Illinois Same-Sex Marriage Bill: Passes Senate, Will Go to House Next
The Illinois Senate voted on Thursday to pass a bill allowing same-sex marriage, effectively eradicating the notion that gays and lesbians are second-class citizens without the same rights as their straight counterparts.
Senator Heather Steans (D-Ill.), the bill’s sponsor, told the Chicago Tribune she is motivated by urgency for equality and the idea that all people want to marry for the same reasons, mostly for love. The vote symbolically took place on Valentine’s Day, giving the LGBT community and its advocates a reason to celebrate.
The Senate passed the bill by a lot, 34-21, with two senators voting present. Senator Jason Barickman (R-Ill.) was the only Republican to join the otherwise Democratic majority.
The future for same-sex marriage rights in Illinois looks bright considering Governor Pat Quinn has indicated he would sign the bill should it reach his office. What’s more, the House is made up of 60% Democrats. Although it is typically more difficult to pass bills in larger legislative bodies, this majority is promising.
In the event that the bill becomes law, Illinois would join nine other states and the District of Columbia in embracing marriage as a union between two people, not exclusively a man and woman. The Illinois law would not compel religious officiates to perform same-sex marriages, and same-sex couples currently in civil unions would be able to convert their status to marriage. Illinois legalized civil unions in 2011.
The passage of this law in Illinois could have significant national implications. Given the recent trend, Americans seem to be looking more favorably at same-sex marriage. The Paul Simon Public Policy Institute released a poll on Wednesday revealing an increase in support for same-sex marriage.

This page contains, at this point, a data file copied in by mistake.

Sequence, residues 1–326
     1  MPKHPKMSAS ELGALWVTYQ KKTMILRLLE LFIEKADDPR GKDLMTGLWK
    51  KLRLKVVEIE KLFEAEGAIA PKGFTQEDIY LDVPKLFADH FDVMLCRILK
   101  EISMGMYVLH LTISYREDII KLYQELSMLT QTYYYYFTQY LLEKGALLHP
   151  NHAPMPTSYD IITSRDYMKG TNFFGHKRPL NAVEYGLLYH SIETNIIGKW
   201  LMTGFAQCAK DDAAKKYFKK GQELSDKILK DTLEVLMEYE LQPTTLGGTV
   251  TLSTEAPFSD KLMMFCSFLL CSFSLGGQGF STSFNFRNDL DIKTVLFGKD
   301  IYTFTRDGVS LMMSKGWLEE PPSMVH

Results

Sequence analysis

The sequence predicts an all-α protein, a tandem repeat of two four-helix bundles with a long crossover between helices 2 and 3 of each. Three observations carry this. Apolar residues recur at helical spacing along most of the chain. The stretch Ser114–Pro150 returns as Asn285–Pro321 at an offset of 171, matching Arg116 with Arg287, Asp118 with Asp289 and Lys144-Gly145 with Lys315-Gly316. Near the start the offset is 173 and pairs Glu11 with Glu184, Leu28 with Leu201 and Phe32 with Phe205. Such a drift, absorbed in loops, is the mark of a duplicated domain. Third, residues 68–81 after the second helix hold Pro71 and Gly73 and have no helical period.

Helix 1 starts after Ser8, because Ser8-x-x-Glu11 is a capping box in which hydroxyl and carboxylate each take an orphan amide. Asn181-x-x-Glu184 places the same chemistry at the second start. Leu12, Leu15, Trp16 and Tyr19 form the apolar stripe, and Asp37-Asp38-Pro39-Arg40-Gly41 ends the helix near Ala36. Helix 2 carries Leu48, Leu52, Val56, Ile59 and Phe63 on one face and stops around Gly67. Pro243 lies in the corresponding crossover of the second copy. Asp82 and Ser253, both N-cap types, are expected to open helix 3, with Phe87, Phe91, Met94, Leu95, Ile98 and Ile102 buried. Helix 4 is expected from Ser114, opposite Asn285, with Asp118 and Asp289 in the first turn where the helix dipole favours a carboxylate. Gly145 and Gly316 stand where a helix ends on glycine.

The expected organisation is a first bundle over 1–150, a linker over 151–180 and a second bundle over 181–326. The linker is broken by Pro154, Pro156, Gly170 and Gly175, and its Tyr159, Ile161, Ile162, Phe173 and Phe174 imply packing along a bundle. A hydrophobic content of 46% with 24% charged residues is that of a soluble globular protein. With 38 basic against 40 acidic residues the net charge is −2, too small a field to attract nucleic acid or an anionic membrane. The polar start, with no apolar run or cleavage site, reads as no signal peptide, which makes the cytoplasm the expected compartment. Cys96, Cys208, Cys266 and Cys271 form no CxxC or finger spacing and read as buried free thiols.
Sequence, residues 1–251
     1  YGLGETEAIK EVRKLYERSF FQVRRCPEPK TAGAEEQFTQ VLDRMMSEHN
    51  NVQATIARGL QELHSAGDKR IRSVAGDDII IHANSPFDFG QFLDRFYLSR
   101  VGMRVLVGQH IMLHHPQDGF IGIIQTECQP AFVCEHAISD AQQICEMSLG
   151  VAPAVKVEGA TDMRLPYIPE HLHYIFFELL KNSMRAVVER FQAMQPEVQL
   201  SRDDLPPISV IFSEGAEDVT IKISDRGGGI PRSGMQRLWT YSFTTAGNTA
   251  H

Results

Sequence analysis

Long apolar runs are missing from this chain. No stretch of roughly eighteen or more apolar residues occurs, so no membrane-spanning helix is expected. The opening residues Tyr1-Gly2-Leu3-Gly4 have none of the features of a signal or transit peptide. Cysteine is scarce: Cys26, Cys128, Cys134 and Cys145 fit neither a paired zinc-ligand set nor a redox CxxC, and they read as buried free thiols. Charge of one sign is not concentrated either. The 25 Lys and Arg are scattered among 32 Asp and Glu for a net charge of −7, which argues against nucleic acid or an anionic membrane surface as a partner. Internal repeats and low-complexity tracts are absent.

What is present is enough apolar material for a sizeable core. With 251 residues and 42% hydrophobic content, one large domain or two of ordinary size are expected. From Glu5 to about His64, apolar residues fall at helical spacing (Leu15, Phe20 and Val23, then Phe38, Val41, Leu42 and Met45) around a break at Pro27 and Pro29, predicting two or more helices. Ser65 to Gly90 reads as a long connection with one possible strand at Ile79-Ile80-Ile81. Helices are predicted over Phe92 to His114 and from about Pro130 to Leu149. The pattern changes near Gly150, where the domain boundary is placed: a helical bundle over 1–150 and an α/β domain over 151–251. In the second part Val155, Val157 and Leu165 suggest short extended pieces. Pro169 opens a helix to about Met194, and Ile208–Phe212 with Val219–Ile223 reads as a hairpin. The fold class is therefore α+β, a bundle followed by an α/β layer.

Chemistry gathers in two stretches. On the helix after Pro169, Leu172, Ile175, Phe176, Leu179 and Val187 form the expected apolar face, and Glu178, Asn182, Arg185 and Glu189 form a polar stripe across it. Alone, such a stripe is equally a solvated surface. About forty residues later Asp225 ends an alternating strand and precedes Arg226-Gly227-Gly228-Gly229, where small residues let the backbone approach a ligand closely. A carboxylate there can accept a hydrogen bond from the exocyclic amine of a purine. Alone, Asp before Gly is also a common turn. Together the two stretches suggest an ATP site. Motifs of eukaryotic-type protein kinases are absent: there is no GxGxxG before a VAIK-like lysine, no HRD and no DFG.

This year showed 45.5% approval whereas the same poll in 2010 only showed 33.6% approval. Like many social issues in the U.S. that trigger change, it takes time for the government and the public to come around.
As is the case with all civil rights issues there are staunch conservatives who believe such laws are, in Senator Tim Bivins’ words to the Chicago Tribune, “knocking down the foundations of society.”
It is hard to fathom that after all of the civil rights obstacles we’ve overcome as a nation, there are still people who are so narrow-minded.
Senator Willie Delgado (D-Ill.) experiences the same frustration. He told the Tribune he was “having flashbacks to the movie Lincoln ... For the love of God, I feel like I’m sitting in 1865 where similar debates were created on why slavery should continue in this country ... This is the time. This is the place. This is the moment. We are one people."
The coming months will determine what side of history the state of Illinois comes out on.